It’s official.  The scientists agree.  The world is heating up.  By the end of the century the average global temperature will be 4 degrees warmer.   The ice caps will have melted.  Sea levels will have risen by 2 metres and many of our coastal cities will be underwater.  Billions of people will have died.  The world as we know it will be destroyed.  So why aren’t we more worried about it? 

Not so long ago, the voices predicting global warming could be safely ignored as gloom and doom merchants.  There were more reassuring voices telling us this was just part of the normal oscillation in climate that has taken place for the last few million years.  But not now.   Climate change is with us.   England has just experienced the warmest spring and the wettest summer for at least 50 years.  And 2006 was the warmest year on record.  The frequency and severity of tropical storms has increased.  The arctic ice cap is thinner and breaking up, and polar bears are drowning.  Whole islands off the coast of Bangladesh are disappearing.         

So it’s not that we don’t believe it is happening; it’s more that we don’t want to believe it.  After all, if we were to really take climate change seriously, we would all need to get rid of our cars, buy ourselves bikes, insulate our house more efficiently, cut down on the use of electric lighting and power, stop traveling by air and install solar panels on our roofs and windmills in our gardens.  We would also need to move away from the coast, change our jobs,  educate our children in the use of sustainable energy and even have no more children.  The implications are enormous, the sacrifices too great.  And, we might reasonably argue, there is little point in any one of us making these sacrifices unless everybody else does it.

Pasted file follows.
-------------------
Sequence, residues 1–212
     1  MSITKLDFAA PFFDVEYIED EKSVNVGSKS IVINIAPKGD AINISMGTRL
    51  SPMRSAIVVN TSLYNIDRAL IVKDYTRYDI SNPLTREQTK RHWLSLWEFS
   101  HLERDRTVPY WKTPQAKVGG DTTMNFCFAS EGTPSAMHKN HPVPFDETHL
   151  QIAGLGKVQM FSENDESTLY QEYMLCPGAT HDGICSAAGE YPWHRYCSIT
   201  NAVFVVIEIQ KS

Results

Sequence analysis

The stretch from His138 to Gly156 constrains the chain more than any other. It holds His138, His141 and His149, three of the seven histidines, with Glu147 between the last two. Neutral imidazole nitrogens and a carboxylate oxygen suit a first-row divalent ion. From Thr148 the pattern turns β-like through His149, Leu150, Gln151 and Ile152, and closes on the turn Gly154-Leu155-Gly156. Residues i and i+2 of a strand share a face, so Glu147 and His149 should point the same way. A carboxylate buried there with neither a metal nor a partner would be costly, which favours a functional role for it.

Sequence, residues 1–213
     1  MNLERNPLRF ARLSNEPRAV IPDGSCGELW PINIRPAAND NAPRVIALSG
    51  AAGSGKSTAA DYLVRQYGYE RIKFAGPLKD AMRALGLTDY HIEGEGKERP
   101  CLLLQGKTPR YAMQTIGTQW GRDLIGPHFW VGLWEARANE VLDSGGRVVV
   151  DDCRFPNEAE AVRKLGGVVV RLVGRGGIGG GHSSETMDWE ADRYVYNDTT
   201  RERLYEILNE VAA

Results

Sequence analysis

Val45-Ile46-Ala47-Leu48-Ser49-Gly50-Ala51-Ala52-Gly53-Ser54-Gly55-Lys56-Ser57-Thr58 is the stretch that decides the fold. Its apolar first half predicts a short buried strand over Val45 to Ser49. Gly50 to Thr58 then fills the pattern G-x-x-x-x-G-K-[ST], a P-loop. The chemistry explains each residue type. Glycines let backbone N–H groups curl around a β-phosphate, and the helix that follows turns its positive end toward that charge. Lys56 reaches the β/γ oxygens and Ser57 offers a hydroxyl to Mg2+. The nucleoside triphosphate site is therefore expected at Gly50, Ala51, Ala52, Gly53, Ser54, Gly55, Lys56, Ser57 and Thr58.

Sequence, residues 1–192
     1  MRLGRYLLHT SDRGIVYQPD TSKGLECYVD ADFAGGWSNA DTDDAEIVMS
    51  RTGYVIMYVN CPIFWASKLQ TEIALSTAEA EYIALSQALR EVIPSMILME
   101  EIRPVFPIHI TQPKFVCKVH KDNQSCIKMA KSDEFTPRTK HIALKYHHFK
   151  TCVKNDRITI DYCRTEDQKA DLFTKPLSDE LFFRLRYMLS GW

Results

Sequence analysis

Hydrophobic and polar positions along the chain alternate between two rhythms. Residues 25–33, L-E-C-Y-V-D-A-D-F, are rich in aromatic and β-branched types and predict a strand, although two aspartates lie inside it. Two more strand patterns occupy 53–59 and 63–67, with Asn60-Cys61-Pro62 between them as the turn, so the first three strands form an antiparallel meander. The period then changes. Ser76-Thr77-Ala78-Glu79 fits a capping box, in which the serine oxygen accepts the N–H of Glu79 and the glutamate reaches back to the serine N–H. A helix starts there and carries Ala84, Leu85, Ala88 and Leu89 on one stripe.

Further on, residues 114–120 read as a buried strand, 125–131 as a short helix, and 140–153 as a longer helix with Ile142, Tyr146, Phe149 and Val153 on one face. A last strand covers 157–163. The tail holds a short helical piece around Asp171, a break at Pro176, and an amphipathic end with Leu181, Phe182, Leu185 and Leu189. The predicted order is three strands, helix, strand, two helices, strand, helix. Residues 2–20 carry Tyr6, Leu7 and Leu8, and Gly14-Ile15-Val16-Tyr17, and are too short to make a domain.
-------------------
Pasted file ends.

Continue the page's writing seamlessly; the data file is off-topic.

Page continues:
Only governments can introduce measures that would make a difference.  They could tax the use of cars so heavily that people would have to use public transport, they could penalize home owners that utilized too much energy, they could cut own on street lighting, limit air travel, but such measures would probably make them unelectable.  And what would be the point of a country like Britain bringing in all of these changes unless it was matched by America and China.  It seems that billions would need to die of drought, flood, famine and disease before the world finds its political will.     

Governments, like the people they serve, are putting their heads in the sand and hoping that climate change will go away.   But it won’t.  Al Gore has listed the measures that would need to be taken to reverse global warming.   They need to be instigated right now if they are to have any effect at all.  The longer we ignore the problem, the less likely we are to get away with it.  Indeed, some scientists believe we are already beyond the tipping point where such measures will be effective.